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ThoughtWorks Technology Radar: Say yes to Kotlin and Kubernetes

Gabriela Motroc
© Shutterstock / Raywoo

The latest edition of ThoughtWorks’ Technology Radar has highlighted what most of us already know: you absolutely need to adopt Kotlin and Kubernetes but generic cloud usage should be avoided at all costs.

The latest edition of the biannual Technology Radar from ThoughtWorks assesses the major trends in software development. Central themes this time around include:

  • Reduced complexity in back-end logic. “The search for better user experiences encourages the trend toward pushing functionality into the browser, and many back-end services become thinner and less complex as a result.”
  • Cloud complexity. While cloud resources continue to mature within organizations, an inevitable creeping complexity always accompanies building real solutions with these new pieces.
  • Security. “We see a shift in the traditional ‘lock everything down globally’ approach to a more nuanced, localized approach.”
  • The IoT ecosystem continues to grow. “We see growth across the entire IoT ecosystem, from on-device operating systems to connectivity standards and most strongly in cloud-based device management and data processing.”

As with every issue, the technologies, platforms, tools and languages are classified into one of four categories: The “Hold” category means that you should proceed with caution, whereas technologies falling under the “Assess” tag should go through a more detailed evaluation. Every technology, platform, tool and language that’s in the “Trial” category can or should be sampled in the corporate sector. Finally, when you see “Adopt,” you know that technology can and should be adopted.

Platforms: Say yes to Kubernetes

.NET CORE has reached maturity and, according to the Technology Advisory Board members, it’s safe to say that it has become “the default for .NET server applications.” The “adopt” list also includes Kubernetes and we’re certainly happy to see it there. People’s love affair with Kubernetes started quite a while ago but it only intensified in the last years. A lot of people we got in contact with this year have said that Kubernetes is their No.1 choice, and then there’s last year’s GitHub Octoverse which showed that three Kubernetes-based projects appear at the top of the charts for the most-discussed repositories and projects with most reviews.

You should have a look at the report to check if your favorite platform has made it to the list; there are a lot of new platforms out there that are worth exploring, including Cloud Spanner, which seems to offer the best of both worlds: traditional databases and NoSQL databases. You should stay away from overambitious API gateways but if you can’t, you are advised to proceed with caution.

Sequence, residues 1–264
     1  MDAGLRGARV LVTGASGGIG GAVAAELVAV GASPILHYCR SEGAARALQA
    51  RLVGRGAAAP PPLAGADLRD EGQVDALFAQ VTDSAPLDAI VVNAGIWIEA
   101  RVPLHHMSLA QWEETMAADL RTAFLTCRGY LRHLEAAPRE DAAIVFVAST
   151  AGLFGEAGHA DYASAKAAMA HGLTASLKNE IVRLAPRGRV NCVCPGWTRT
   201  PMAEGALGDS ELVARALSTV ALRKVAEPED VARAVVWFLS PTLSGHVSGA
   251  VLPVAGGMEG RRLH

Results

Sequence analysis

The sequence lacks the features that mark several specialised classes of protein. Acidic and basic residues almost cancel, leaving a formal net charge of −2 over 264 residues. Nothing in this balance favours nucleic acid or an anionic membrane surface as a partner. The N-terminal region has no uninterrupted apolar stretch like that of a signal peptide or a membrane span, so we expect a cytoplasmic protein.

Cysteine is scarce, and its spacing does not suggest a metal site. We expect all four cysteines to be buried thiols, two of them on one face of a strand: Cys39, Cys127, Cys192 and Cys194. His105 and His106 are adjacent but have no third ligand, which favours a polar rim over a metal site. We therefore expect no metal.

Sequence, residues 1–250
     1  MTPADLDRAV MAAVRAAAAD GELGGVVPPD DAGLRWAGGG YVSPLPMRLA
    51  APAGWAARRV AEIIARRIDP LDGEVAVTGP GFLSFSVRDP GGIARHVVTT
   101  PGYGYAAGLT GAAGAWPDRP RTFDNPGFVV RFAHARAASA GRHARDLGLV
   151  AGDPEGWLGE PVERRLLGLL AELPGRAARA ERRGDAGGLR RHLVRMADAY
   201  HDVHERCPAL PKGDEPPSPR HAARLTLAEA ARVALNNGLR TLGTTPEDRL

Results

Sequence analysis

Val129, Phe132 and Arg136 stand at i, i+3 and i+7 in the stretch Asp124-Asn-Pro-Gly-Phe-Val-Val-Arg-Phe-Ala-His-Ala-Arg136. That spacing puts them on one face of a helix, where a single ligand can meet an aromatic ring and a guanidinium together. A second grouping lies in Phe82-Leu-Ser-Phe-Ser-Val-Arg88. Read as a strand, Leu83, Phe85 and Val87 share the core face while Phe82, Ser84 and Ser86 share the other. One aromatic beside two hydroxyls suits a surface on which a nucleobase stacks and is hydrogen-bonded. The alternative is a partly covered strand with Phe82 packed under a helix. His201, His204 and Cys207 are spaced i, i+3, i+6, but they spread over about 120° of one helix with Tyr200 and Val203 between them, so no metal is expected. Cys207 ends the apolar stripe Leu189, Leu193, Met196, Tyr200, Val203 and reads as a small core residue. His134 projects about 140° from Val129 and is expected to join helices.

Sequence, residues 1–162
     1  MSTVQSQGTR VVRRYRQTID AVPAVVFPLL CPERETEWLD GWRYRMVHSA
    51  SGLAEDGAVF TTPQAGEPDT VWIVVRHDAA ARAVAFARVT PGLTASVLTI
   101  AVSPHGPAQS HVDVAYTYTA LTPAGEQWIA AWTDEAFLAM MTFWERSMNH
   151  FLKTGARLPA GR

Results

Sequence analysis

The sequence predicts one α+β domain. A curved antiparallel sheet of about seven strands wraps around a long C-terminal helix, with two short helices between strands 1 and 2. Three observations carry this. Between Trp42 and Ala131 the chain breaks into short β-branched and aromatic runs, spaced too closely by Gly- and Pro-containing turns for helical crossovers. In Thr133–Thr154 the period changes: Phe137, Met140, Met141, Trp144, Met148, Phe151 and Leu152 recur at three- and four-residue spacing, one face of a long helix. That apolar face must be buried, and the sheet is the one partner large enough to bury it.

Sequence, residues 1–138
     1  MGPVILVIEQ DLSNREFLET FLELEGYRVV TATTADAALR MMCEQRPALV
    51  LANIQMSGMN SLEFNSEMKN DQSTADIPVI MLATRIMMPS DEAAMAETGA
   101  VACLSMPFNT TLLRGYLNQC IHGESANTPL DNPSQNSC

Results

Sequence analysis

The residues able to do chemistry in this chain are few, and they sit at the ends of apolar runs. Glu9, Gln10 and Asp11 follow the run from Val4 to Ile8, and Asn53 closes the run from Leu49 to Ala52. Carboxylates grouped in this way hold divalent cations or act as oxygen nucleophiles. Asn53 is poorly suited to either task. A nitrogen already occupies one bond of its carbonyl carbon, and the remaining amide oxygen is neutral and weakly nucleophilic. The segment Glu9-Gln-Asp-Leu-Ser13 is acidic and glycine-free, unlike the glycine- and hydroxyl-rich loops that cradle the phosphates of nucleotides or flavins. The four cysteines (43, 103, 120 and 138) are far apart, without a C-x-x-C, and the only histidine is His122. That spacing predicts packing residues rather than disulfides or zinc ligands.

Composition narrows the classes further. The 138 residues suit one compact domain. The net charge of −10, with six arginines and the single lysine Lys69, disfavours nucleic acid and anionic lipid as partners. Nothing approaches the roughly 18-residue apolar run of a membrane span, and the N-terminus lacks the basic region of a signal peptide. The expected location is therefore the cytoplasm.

Tools: Nothing in the “Adopt” category this time around

It’s not Kubernetes per se but it’s related to it; Helm is a package manager for Kubernetes which promises to simplify the application lifecycle management in Kubernetes. Jupyter is also on the “trial” list but this is no coincidence; this is just further proof that people are “finding creative uses for Jupyter beyond a simple analytics tool.”

Yarn is also on the “trial” list; this package manager for JavaScript happens to be ThoughtWorks’ tool of choice for JavaScript package management despite npm’s latest improvements.

You should have a closer look to see if your favorite tool has made it to the list.

Languages and frameworks: Kotlin is a must

There aren’t any languages in the “Hold” category this time around, but there sure are a few superstars: you need to adopt AssertJ, a Java library which promises to simplify the writing of assert statements in tests, Enzyme, which  has become “the defacto standard for unit testing React UI components” and/or Kotlin, which keeps on rising, according to RedMonk’s latest report.

Source: JAXenter Technology Trends 2018 — Results of Top Programming Languages

Kotlin was also one of TIOBE’s finalists for “the programming language of 2017” but it lost to C. We still think it should have won; here’s why.

Speaking of Kotlin, our survey results show that this young padawan has stepped up its game and has traded places with Scala. Unlike last year, when Scala occupied the fifth position and Kotlin the sixth, these languages have gone through a “Freaky Friday” type of situation; shooting star Kotlin is officially in the top 5 most interesting programming languages.

You might want to give Flutter a chance – even if it’s still in beta, ThoughtWorks will keep an eye on it to see how its ecosystem matures and so will we. TensorFlow Lite is worth exploring if you need to deploy ML models on mobile and embedded devices.

Also, if you want to build smart contracts, Solidity is the “currently unrivaled programming language,” according to  Alfred Shaffir, co-founder at iOlite Foundation. He might be right since ThoughtWorks has placed this language on the “assess” list.

Friendly reminder: You should have a closer look to see if your favorite language/framework has made it to the list.

Techniques: Beware of generic cloud usage!

ThoughtWorks suggest that you should put lightweight architecture decision records on your “adopt” list and try to steer away from recreating ESB antipatterns with Kafka. Since the problem of lock-in is still a struggle, you might want to step up your research game and check out the benefits of using cloud-specific features, as well as the exit costs. Beware of generic cloud usage!

Author
Gabriela Motroc
Gabriela Motroc is editor of JAXenter.com and JAX Magazine. Before working at Software & Support Media Group, she studied International Communication Management at the Hague University of Applied Sciences.

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